United States Gimeral Accounting Oface /qzg: q3 Testimony GAO For Release Decennial Census: Status of Housing Coverage on Delivery Check and Postcensus Local Review Programs Expected at lo:00 a.m. EDT Tuesday September 25, 1990 Statement of L. Nye Stevens, Director Government Business Operations Issues General Government Division Before the Subcommittee on Census and Population Committee on Post Office and Civil Service House of Representatives GAO/T-m - 90 - 63 GAOFormt60(12/87) DECENNIAL CENSUS: STATUS OF HOUSING COVERAGECHECK AND POSTCENSUSLOCAL REVIEW PROGRAMS SUMMARYOF STATEMENTBY L. NYE STEVENS DIRECTOR, GOVERNMENTBUSINESS OPERATIONS ISSUES The Census Bureau's coverage improvement programs are primarily intended to reduce the historic population undercount by improving census coverage. The Bureau noted in July that its census address list contained about 102 million housing units compared to its independent estimate at that point that 104 million units may actually exist. The Census Bureau currently is implementing two of its final coverage improvement programs. Both of these programs--the Housing Coverage Check and Postcensus Local Review--are designed to identify omissions from the 1990 address list. GAO believes that these major coverage improvement programs, while important, are not likely to identify enough additional housing units to reconcile the current address list with the independent estimate. The question whether the gap is real, that is whether the estimate was incorrect, whether the address list remains incomplete, or whether the gap is a product of both, remains open. The Housing Coverage Check was developed this summer when the Bureau's research indicated that housing units were missed during census address list development efforts. The Bureau recanvassed about 15 million housing units in targeted areas nationwide. GAO believes that the Bureau was wise to modify its plans and undertake this major recanvassing effort. Nationwide, about 313,000 housing units have been proposed for addition to the Bureau’s address list as a result of the Housing Coverage Check, which is virtually complete. In contrast to the Housing Coverage Check, the Postcensus Local Review Program has long been scheduled as a 1990 census coverage improvement program and is still in progress. However, based on its preliminary observations, GAO believes that the program's potential to significantly augment housing unit counts is limited. First, the Bureau has budgeted to recanvass blocks containing about 2 million housing units for the program, substantially fewer than for the Housing Coverage Check. Second, widespread local government participation in the program is unlikely. Mostly because they lacked the resources or independent data for analysis, less than half of the eligible governments participated in an earlier phase of the local review program. In response to a GAO survey, about 60 percent of those that did not participate indicated they also would not participate in Postcensus Local Review. Finally, challenged housing unit counts on blocks that already have been recanvassed as part of the Housing Coverage Check will not be reviewed again. Mr. Chairman and Members of the Subcommittee: We are pleased to be here today to discuss the status of two of the Census Bureau's final coverage improvement programs for the 1990 decennial census: Housing Coverage Check and Postcensus Local Review. Both of these programs represent _ initiatives by the Bureau to reduce population undercounts resulting from missed housing units. The Bureau acknowledged in July 1990 that its address list contained about 102 million housing units compared to its independent estimate that 104 million may actually exist. My comments are based on our continuing effort, as requested by the Subcommittee, to monitor census operations at Bureau headquarters and in the field. Both of these programs are designed to identify omissions from the Bureau's 1990 address list. In the Housing Coverage Check, the Bureau targeted census blocks for recanvassing where count review and other research indicated evidence of missed housing units. Under Postcensus Local Review, all local governments in the United States were offered the opportunity to review and identify discrepancies between census housing counts and local estimates of housing units at . the block level and target those blocks for possible recanvass by the Bureau. As missed units are identified Y under either program, the Bureau intends to correct its 1 address list and enumerate the residents, provided those housing units existed and were occupied on April 1, 1990. Neither of these programs, however, is designed to correct for inaccurate counts of individuals residing in identified housing units, or for misclassification of identified housing units as vacant. My comments on the Housing Coverage Check are based on the Census Bureau's management information reports and discussions with Bureau headquarters and regional officials. My comments on Postcensus Local Review are based on discussions this month with Bureau headquarters and regional officials in 7 of the 13 regions, and with local review officials in eight major cities (Atlanta, Baltimore, Chicago, Cleveland, Los Angeles, New York, Phoenix, and Pittsburgh). We also discussed local review with the former chairman of the State Data Center Steering Committee and used a survey we did in June through August of a random sample of 1,047 governmental units that did not respond to the Bureau during Precensus Local Review. HOUSING COVERAGECHECK The Housing Coverage Check was not part of the Census Bureau's plan at the outset of the decennial. According to * the Bureau, the Housing Coverage Check was initiated when 2 media reports and its analysis of such data as calls to the Bureau's telephone assistance numbers suggested that some housing units might have been missed by previous address list development operations. The requirements for the program-- issued in July 1990 --identified a number of sources for targeting areas where additional canvassing and enumeration might be effective, including (1) comparison of independent estimates with census counts, (2) correspondence and phone calls that identified whole areas or buildings that did not receive questionnaires, (3) results of postal checks, and (4) local knowledge of census staffs. AS Of September 19, 1990, (see fig. 1) the Bureau's mahagement information system reported that about 399,000 blocks had been recanvassed in 12 of its 13 regions (these data were not available on Kansas City), which represented more than 99 percent of the recanvassing workload as of that date. Given the wide-ranging sources considered in targeting blocks, the number of blocks recanvassed and the proposed housing unit adds varied widely on a region-by-region basis. For example, some 55,130 blocks were recanvassed in the Atlanta region while only about 5,500 blocks were recanvassed in the Seattle region. As a result of the nationwide program, about 313,000 housing units had been proposed for addition to the Bureau's address list in the 13 w regions. 3 . The ratio of housing units added to blocks recanvassed also varied significantly. On average, according to the Bureau's management information reports, about three-fourths of one housing unit was added for each block recanvassed nationally. In the Chicago region, it was about three-tenths of one housing unit per block recanvassed; in the New York region it was about one-for-one; and in the Boston region about 1.6 housing units were added for each block recanvassed. The scope of recanvassing also varied significantly in the eight cities we contacted, ranging from less than 2 percent of total blocks in Cleveland, to about 12 percent in Atlanta, to about 27 percent of total blocks in New York City. Information about block recanvassing was not available for Los Angeles at the time of our interview. Census officials in the seven regional offices we contacted indicated they experienced no major problem recruiting and retaining personnel for Housing Coverage Check recanvassing. It would appear, Mr. Chairman, that the Bureau was wise to modify its plans and undertake this major recanvassing effort. More than 300,000 additional housing units were identified as a result of the program, at an expenditure of approximately $13 million. The Bureau recognizes that v coverage improvement programs like Housing Coverage Check are 4 . * expensive but believes it cannot ignore the undercount problem that most of the programs were designed to address. POSTCENSUSLOCAL REVIEW In contrast to the Housing Coverage Check, the Postcensus Local Review Program has long been scheduled as a 1990 census coverage improvement program and it is still in progress. On the basis of our preliminary observations, we believe that its potential to improve housing unit and population counts will be reduced by two factors: (1) many local governments will not participate in the program, and-(21 some blocks challenged during Postcensus Local Review will have already been recanvassed during Housing Coverage Check. Since the program is still in progress, however, we are unable to provide summary data on total blocks recanvassed and housing units added. As you know, for the 1990 census, the local review program has two phases: one before Census Day and one after. The first phase, Precensus Local Review, was completed in February 1990. In the second phase, Postcensus maps and housing unit counts were mailed to some 40,000 governmental units. The maps were mailed during the period May through early August 1990: housing unit counts and group quarters pop;lations were sent out in the latter half of August. 5 * . I G o v e r n m e n tal u n i ts h a d 1 5 w o r k i n g d a y s - - c o m p a r e d to 4 5 w o r k i n g d a y s in P recensus --to review th e B u r e a u 's c o u n ts a n d submit challenges to th o s e c o u n ts a t th e block level where th e y believe th e B u r e a u is in error. T h e B u r e a u p l a n s to c o m p l e te recanvassing a n d p r o v i d e fe e d b a c k to local g o v e r n m e n ts o n th e results o f P o s tce n s u s L o c a l R e v i e w b y late O cto b e r 1 9 9 0 . A ccording to th e B u r e a u , th e p r o g r a m is currently on schedule. B u r e a u 's R e c a n v a s s i n g W o rkload W ill V a ry A cross th e N a tio n T h e p o te n tial o f th e P o s tce n s u s L o c a l R e v i e w p r o g r a m to i d e n tify m issed h o u s i n g u n i ts a n d a d d to th e B u r e a u 's p o p u l a tio n c o u n t d e p e n d s in p a r t o n th e e x te n t to w h ich local g o v e r n m e n t u n i ts p a r ticip a te in th e p r o g r a m . A s o f S e p te m b e r 1 7 , th e B u r e a u h a d received r e s p o n s e s fro m a b o u t 7 ,0 0 0 - - o r a b o u t 1 7 p e r c e n t --of th e nearly 4 0 ,0 0 0 local g o v e r n m e n ts in th e c o u n try. A b o u t 1 ,7 0 0 h a d a c c e p te d th e B u r e a u 's p o p u l a tio n e s tim a te s a n d 5 ,4 0 0 h a d file d challenges. T h e e i g h t m a jor citie s w e c o n ta c te d earlier this m o n th w e r e still preparing their challenges to . th e B u r e a u 's preliminary h o u s i n g c o u n ts. N o n e theless, th e s c o p e o f their planned challenges varies w idely, fro m less th a n 4 p e r c e n t o f city cens"us blocks in P h o e n ix to m o r e th a n 5 0 p e r c e n t in C h i c a g o . 6 . , In targeting blocks to challenge, the most common criterion being used by the cities we contacted was blocks where the Bureau's counts were five or more housing units less than local estimates. Chicago, on the other hand, planned to challenge all blocks with differences of any kind, However, many other governments, especially those in small communities, are unlikely to respond, based on participation rates in Precensus Local Review. The Bureau reports that only 16 percent of 21,000 eligible governments participated in the precensus phase of local review. Our random sample survey of 1,047 of the approximately 17,000 governments that did not respond indicates that the actual participation rate was somewhat higher. For example, 17 percent did not identify a significant number of omissions in the Bureau's count and therefore did not respond; 4 percent more did not respond because a higher level government (for example, a county government) responded for them. Overall, it appears that the actual participation.rate in Precensus Local Review was still less than half of eligible governments. About 60 percent of the governments that did not participate said in response to our survey that they also do not plan to participate in the Postcensus Local Review program. The major reasops cited were (1) a lack of funds, expertise, or other resources to carry out the program; and (2) a lack of 7 housing unit data of their own at the block level required to challenge Bureau counts. This was especially true of smaller communities with populations of less than 12,500. The former chairman of the State Data Center Steering Committee told us . that some small governments have a double disadvantage: They lack the expertise to carry out local review themselves, and they lack the funds to hire someone to do it for them. Most --about 80 percent --of the communities that do not plan to participate in Postcensus Local Review are small communities. Bureau Plans for Recanvassinq Questions have also been raised, Mr. Chairman, about the adequacy-of the Bureau's Postcensus Local Review recanvassing budget to handle the challenges submitted by local governments. In that regard, the Bureau has budgeted to recanvass 2 percent --or about 2 million--housing units during Postcensus Local Review, compared to the estimated 15 million housing units covered during Housing Coverage Check. When we discussed this issue with them, local review officials in two of the seven Bureau regional offices we contacted said the budgeted level would be adequate. However, officials in the other five regions thought that it was too early to say whether the 2 percent budgeted for recanvassing was adequate. 8 During Postcensus Local Review, all blocks for which acceptable documentation was provided are eligible for recanvass, provided that they were not already recanvassed during Precensus Local Review or Housing Coverage Check. The Bureau plans to recanvass at least one block and a maximum of 2 percent of the housing units within a governmental unit, starting with the block with the largest positive housing unit difference and continuing in descending order. As needed, budgeted funds for Postcensus recanvassing may be transferred among district offices within a Census region. We asked local review officials in the eight cities whether they thought the 15 working day time frame--mandated by the Bureau for reviewing housing unit counts and submitting challenges-- was adequate. In five cities, officials characterized the 15 working day time frame as very inadequate or generally inadequate. Officials in two cities said that 15 days was generally adequate, while officials in another city indicated that they had no basis to judge. With respect to smaller governments, the former chairman of the State Data Center Steering Committee told us that those governments were "scared" by the short turnaround for submitting Postcensus Local Review challenges. In our " opinion, it is still too early to determine if the recanvassing budget of 2 percent of the total housing units 9 will be adequate. Several factors, however, will serve to reduce the level of recanvassing needed: (1) many eligible governments will lack the time, data, or resources to respond to the Bureau; (2) as occurred in the Precensus Local Review, some governments will agree with the Bureau's counts and therefore require no recanvassing; and (3) many of the blocks challenged by local governments will already have been recanvassed under the Housing Coverage Check Program. For these same reasons, Mr. Chairman, we agree with your statement in announcing this hearing that the Bureau's remaining operational programs-- including Postcensus Local Review-- are unlikely to eliminate the gap between the housing units and the individuals counted so far by the Bureau and its independent estimates. This observation does not resolve the question whether the gap is real--that is, whether the estimate was too high, whether there are still substantial numbers of housing units that recanvassing does not find, or whether the gap is a combination of both. Improved Feedback for Postcensus Local Review Since some local governments were dissatisfied with the feedback they received after Precensus Local Review, we examined the Bureau's plans for feedback after the Postcensus phase. To the Bureau's credit, it has decided to provide much'more detailed feedback on the results of Postcensus as 10 . - compared to Precensus Local Review. On a block-by-block basis, for all blocks challenged during the Postcensus phase, the Bureau will provide local governments with the net change in housing unit counts populations. Feedback to governmental units on the results of Precensus Local Review was very limited: Governments were simply advised that their challenges had been accepted for review and informed of the total number of blocks that were recanvassed. No information waq provided on the results of recanvassing. The former chairman of the State Data Center Steering Committee told us that this limited Precensus feedback may discourage governmental units from participating in Postcensus Local Review. While planned Postcensus feedback represents a significant departure from feedback provided during Precensus, there are, nonetheless, limitations. For example, the Bureau does not plan to provide data on net changes on blocks that were not challenged. Further, the source of the net change for challenged blocks --Housing Coverage Check, Postcensus Local Review, or other Census operations--will not be provided. Finally,' the Bureau does not plan to furnish governmental units with information on the net change to the total popu\ation estimate given to them along with Postcensus housing unit counts. 11 . The promise of improved feedback could encourage more communities to participate in POStCenSuS Local Review. However, not all.of the eight major cities we contacted were aware of the Bureau's plans. Two of those cities said they expected to receive the same type of feedback they received after Precensus Local Review, two were not sure of what feedback they would receive after Postcensus, and an official in one city indicated that he did not expect to receive any feedback. The other three cities expected block-by-block feedback as planned by the Bureau. Postcensus Maps Did Not Pose Major Problems The Bureau appears to have improved the accuracy and usefulness of the maps it provides to local governments as part of the local review program. During Precensus Local Review, local governments expressed widespread dissatisfaction with the quality of the census maps. However, for Postcensus Local Review, five of the six major cities we COntacted that submitted map corrections to the Bureau during Precensus Local Review indicated that all/almost all, or most of the corrections they had identified during precensus were reflected in the Postcensus Local Review maps that the Bureau sent to them. Officials in New York City, for example, said that most of the corrections they identified had been made, and that the New York Regional Census Center usually had an acceptable explanation in cases where it did not make suggested changes. Los Angeles was not sure of the extent 12 to which its suggested changes were made. Two cities we contacted had not submitted any map corrections to the Bureau during Precensus Local Review. Bureau regional officials informed us that local governments did not express widespread dissatisfaction with their Postcensus maps. We asked officials in 7 of the Bureau's 13 regional census centers to estimate how many governmental units in their reg'ions reported problems with Postcensus maps. Five of the seven regions estimated that some or few governments had reported problems, while two were not sure of the magnitude of problems reported. For example, the Denver region was one of the regions reporting that some governmental units had reported map problems. The Denver official estimated that between 150 and 200 governmental units had called in with problems: however, there are more than 5,200 governmental units in this region. This concludes my prepared statement, Mr. Chairman. My colleagues and I would be pleased to respond to questions. 13 50 45 40 55 so 25 20 15 10 5 0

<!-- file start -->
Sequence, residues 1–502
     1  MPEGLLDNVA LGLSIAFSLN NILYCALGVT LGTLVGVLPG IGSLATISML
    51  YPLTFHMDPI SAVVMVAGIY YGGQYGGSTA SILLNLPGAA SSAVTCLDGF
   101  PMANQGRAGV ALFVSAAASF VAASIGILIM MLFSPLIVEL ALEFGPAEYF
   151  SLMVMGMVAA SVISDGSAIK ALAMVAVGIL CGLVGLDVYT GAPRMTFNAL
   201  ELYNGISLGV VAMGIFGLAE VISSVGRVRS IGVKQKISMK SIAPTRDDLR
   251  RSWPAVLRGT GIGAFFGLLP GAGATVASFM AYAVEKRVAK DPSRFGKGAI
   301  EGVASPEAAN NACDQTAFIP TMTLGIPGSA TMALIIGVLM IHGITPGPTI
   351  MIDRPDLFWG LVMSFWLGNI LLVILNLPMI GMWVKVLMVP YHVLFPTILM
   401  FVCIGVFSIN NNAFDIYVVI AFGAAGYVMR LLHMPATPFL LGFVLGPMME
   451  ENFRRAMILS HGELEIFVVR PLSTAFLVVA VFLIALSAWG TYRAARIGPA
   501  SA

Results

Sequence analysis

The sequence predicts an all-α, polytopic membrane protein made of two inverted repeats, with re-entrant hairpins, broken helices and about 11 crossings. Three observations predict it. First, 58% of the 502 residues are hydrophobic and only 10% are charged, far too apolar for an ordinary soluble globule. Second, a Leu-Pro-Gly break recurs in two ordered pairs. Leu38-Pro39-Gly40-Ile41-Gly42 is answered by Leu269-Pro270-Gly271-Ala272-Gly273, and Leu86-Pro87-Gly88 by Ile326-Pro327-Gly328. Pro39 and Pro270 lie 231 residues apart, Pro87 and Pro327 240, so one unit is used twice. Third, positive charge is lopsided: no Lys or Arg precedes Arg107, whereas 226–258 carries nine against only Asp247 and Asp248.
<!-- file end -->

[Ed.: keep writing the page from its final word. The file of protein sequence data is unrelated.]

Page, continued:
Decennial Census: Status of Housing Coverage Check and Postcensus Local Review Programs
Published by the Government Accountability Office on 1990-09-25.
Below is a raw (and likely hideous) rendition of the original report. (PDF)